The High Pressure Turbine is a particularly sensitive engine component. The blade life duration, the efficiency and the fuel consumption are critical issues. The trends are to increase the turbine inlet temperature for unimproved cycle and the stage load to reduce the engine weight. The new generation of low Knox emission combustion chambers impose aggressive inlet conditions with hot spots and swirl. The film cooling used to protect blades from hot gas must be optimised not to be detrimental to the fuel consumption. The sources of aerodynamic losses need to be quantified and graded in unsteady flows. Not to penalise the performance, the turbine design must combined opposite constraints. So, heat transfer and aerodynamic losses in unsteady turbine external flows must be predicted more precisely. The physical understanding of such complex phenomena is mandatory for improved design practices. Numerous small-scale technological effects and advanced modelling must be considered for design tools to increase their prediction capability. The project aims at building experimental databases needed for design tools validation. Detailed 3D unsteady measurements in engine representative configurations will be performed. The measurement of turbine efficiency’s a European first in full scale short duration rigs and will permit to quantify the effects of inlet swirl, enhanced hot spots, rotor platform cooling, high pressure stage with strong shock waves and a new architecture of low-pressure vane which combines structural struts. More fundamental research will be carried out for detailed film cooling efficiency in transonic flows, with whole entrance effect and in multi-row configurations. The industrial partners will validate and assess their design tools against experimental results. The resulting capability for turbine blade and film cooling optimised design will lead to a reduction of coolant mass flow from15% to 12% and a 20% weight loss.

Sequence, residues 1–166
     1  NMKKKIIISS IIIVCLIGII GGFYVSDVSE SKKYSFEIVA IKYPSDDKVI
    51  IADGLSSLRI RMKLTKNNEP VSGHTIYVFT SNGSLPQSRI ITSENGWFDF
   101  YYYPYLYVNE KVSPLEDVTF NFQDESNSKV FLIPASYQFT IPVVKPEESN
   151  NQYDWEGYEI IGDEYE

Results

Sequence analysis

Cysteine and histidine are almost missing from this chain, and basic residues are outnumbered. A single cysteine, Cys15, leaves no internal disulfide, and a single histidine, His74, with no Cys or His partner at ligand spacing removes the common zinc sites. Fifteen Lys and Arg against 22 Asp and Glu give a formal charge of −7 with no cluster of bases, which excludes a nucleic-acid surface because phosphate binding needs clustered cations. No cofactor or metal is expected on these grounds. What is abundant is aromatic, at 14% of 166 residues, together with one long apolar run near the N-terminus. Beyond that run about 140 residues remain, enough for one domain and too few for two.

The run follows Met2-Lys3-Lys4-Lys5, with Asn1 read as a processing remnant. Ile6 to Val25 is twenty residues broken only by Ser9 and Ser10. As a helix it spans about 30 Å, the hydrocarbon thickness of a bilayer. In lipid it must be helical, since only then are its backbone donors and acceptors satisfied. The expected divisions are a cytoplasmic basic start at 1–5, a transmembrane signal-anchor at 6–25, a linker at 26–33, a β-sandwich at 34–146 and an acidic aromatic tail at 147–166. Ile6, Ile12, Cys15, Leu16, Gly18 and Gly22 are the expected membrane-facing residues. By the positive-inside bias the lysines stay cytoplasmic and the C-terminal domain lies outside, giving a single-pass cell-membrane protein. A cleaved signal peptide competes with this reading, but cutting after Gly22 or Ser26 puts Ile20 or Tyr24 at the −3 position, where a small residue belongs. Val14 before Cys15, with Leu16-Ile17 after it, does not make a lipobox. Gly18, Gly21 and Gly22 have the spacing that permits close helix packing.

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Funding SchemeSTREP - Specific Targeted Research Project